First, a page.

Australian Scientists Just Solved The Mystery Of Flesh-Eating Cobra Venom

Australian Scientists Just Solved The Mystery Of Flesh-Eating Cobra Venom

An international study led by researchers at University of Queensland has revealed for the first time how cobras developed their flesh-eating venom – and it has some surprising implications for medicine.

Associate Professor Bryan Fry of UQ’s School of Biological Sciences said cobras were killers in Africa and Asia, and caused crippling social and economic burdens through the number of survivors who needed amputations due to the snake’s flesh-eating venom.

“While we knew the results of their venom, how the cobra’s unique defensive venom evolved remained a mystery until now,” he said. “Our study discovered the evolutionary factors shaping not only cobra venom, but also the ornate markings on their hoods, and the extremely bright warning colourings present in some species.”

The research team studied 29 cobra species and related snakes, finding that the flesh-destroying venom first evolved alongside the broad hoods that make cobras so distinctive.

Dr Fry said further increases in the potency of the toxins subsequently occurred parallel to their warning strategies such as hood markings, body banding, red colouring and spitting.

Their hoods and eye-catching patterns evolved to warn off potential predators, because unlike other snakes – which use their venom purely for predation – cobras also use it in defence, according to Dr Fry.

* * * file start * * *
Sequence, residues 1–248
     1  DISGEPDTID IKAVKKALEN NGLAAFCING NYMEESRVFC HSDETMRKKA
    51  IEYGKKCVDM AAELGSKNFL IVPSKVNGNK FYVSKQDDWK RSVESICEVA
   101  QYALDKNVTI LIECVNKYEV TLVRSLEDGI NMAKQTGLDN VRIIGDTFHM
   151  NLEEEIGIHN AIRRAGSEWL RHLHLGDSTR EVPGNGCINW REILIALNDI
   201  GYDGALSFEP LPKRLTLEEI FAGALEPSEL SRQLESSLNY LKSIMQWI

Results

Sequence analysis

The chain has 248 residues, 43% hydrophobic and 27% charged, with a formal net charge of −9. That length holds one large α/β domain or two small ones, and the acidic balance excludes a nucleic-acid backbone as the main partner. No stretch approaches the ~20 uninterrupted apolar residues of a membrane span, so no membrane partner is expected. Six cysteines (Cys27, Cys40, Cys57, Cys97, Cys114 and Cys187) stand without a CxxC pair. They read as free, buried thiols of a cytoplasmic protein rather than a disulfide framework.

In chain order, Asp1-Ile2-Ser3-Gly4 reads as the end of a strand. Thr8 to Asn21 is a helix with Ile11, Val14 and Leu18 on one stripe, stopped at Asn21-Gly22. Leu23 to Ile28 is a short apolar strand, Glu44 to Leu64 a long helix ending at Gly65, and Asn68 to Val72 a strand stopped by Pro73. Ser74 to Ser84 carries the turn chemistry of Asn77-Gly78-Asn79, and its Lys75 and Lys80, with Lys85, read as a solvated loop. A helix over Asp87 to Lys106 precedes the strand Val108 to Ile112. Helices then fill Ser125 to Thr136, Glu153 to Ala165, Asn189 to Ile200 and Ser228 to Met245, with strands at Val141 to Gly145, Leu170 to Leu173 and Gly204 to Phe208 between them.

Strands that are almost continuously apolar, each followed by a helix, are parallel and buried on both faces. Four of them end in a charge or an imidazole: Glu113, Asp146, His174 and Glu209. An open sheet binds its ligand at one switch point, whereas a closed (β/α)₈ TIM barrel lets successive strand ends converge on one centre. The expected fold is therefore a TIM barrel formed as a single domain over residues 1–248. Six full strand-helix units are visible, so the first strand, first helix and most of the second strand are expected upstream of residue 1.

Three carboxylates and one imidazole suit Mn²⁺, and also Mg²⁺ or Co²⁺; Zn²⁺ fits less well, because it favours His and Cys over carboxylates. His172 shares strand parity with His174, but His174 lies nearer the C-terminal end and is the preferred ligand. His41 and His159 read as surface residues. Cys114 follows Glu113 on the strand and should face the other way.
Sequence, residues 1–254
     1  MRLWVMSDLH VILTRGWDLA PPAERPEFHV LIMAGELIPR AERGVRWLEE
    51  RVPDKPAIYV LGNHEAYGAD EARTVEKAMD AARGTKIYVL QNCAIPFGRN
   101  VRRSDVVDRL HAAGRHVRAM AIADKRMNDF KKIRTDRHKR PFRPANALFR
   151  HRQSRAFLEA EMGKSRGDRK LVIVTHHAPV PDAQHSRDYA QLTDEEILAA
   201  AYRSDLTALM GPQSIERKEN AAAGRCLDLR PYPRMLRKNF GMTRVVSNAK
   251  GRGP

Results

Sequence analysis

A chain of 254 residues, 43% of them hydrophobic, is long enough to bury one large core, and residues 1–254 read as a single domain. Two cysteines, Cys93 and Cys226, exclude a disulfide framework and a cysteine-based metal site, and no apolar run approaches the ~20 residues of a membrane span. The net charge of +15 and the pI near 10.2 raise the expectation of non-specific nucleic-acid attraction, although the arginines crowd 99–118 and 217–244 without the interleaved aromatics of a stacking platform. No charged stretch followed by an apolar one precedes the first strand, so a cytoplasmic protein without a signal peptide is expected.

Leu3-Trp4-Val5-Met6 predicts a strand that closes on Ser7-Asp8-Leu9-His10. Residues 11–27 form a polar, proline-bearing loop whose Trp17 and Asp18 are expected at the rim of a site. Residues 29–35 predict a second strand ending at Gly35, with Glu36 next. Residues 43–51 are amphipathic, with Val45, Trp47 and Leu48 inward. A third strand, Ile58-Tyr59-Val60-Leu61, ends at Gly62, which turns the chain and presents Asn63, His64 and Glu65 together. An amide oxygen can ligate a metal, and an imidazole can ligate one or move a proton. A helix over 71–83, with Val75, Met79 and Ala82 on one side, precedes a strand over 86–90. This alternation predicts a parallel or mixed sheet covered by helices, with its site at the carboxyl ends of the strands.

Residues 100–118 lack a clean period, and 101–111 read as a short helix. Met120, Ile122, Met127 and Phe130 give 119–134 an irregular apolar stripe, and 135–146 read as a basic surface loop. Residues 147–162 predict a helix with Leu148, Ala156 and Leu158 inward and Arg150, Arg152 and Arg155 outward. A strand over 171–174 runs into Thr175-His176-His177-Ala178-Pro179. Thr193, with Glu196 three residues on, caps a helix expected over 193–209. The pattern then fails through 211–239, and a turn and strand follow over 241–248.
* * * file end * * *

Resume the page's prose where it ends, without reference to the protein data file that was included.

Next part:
“For the longest time it was thought that only spitting cobras had these defensive toxins in high amounts in their venoms, however we’ve shown that they are widespread in cobras. These results show the fundamental importance of studying basic evolution and how it relates to human health.”

Dr Fry said the next step in the team’s research was to conduct broad antivenom testing.

“Globally, snakebite is the most neglected of all tropical diseases and antivenom manufacturers are leaving the market in favour of products that are cheaper to produce and have a bigger market,” he said. “Antivenom is expensive to make, has a short shelf life and a small market located in developing countries.”

“Therefore, we need to do further research to see how well those remaining antivenoms neutralise not only the toxins that kill a person, but also those that would cause a severe injury.”

He said there may also be a benefit to this research in cancer treatment.

“Any kind of compound that selectively kills cells could be a good thing,” Dr Fry said. “These chemicals may lead to new cancer treatments if we can find ones that are more potent to cancer cells than normal healthy cells.”

The study involved scientists from UQ’s Venom Evolution Lab; QIMR Berghofer Institute of Medical Research; UQ School of Medicine; Swansea University, UK; Monash University; working groups for Adder Research and Venomous Bites in the Netherlands; Leiden University, Netherlands; Snakebite Assist, Pretoria, South Africa; Pretoria University; Venom Supplies, South Australia; and Planet Exotica, France.